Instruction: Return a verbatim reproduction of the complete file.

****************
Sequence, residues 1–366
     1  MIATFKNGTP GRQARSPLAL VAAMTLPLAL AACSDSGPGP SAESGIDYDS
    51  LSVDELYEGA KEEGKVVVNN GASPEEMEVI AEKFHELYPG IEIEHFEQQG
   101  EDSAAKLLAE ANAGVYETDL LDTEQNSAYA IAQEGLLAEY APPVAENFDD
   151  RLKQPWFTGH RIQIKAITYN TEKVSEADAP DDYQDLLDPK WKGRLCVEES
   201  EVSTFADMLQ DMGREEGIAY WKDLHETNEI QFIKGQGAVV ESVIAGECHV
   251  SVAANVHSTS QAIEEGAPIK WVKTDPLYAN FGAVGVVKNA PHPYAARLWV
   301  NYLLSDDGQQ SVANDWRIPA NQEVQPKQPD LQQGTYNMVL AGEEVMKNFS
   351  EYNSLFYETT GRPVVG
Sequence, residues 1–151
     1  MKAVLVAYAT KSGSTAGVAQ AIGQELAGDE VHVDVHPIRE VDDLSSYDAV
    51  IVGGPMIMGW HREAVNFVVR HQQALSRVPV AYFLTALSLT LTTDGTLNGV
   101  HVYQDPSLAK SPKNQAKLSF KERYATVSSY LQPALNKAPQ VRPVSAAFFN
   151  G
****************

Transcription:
Sequence, residues 1–366
     1  MIATFKNGTP GRQARSPLAL VAAMTLPLAL AACSDSGPGP SAESGIDYDS
    51  LSVDELYEGA KEEGKVVVNN GASPEEMEVI AEKFHELYPG IEIEHFEQQG
   101  EDSAAKLLAE ANAGVYETDL LDTEQNSAYA IAQEGLLAEY APPVAENFDD
   151  RLKQPWFTGH RIQIKAITYN TEKVSEADAP DDYQDLLDPK WKGRLCVEES
   201  EVSTFADMLQ DMGREEGIAY WKDLHETNEI QFIKGQGAVV ESVIAGECHV
   251  SVAANVHSTS QAIEEGAPIK WVKTDPLYAN FGAVGVVKNA PHPYAARLWV
   301  NYLLSDDGQQ SVANDWRIPA NQEVQPKQPD LQQGTYNMVL AGEEVMKNFS
   351  EYNSLFYETT GRPVVG
Sequence, residues 1–151
     1  MKAVLVAYAT KSGSTAGVAQ AIGQELAGDE VHVDVHPIRE VDDLSSYDAV
    51  IVGGPMIMGW HREAVNFVVR HQQALSRVPV AYFLTALSLT LTTDGTLNGV
   101  HVYQDPSLAK SPKNQAKLSF KERYATVSSY LQPALNKAPQ VRPVSAAFFN
   151  G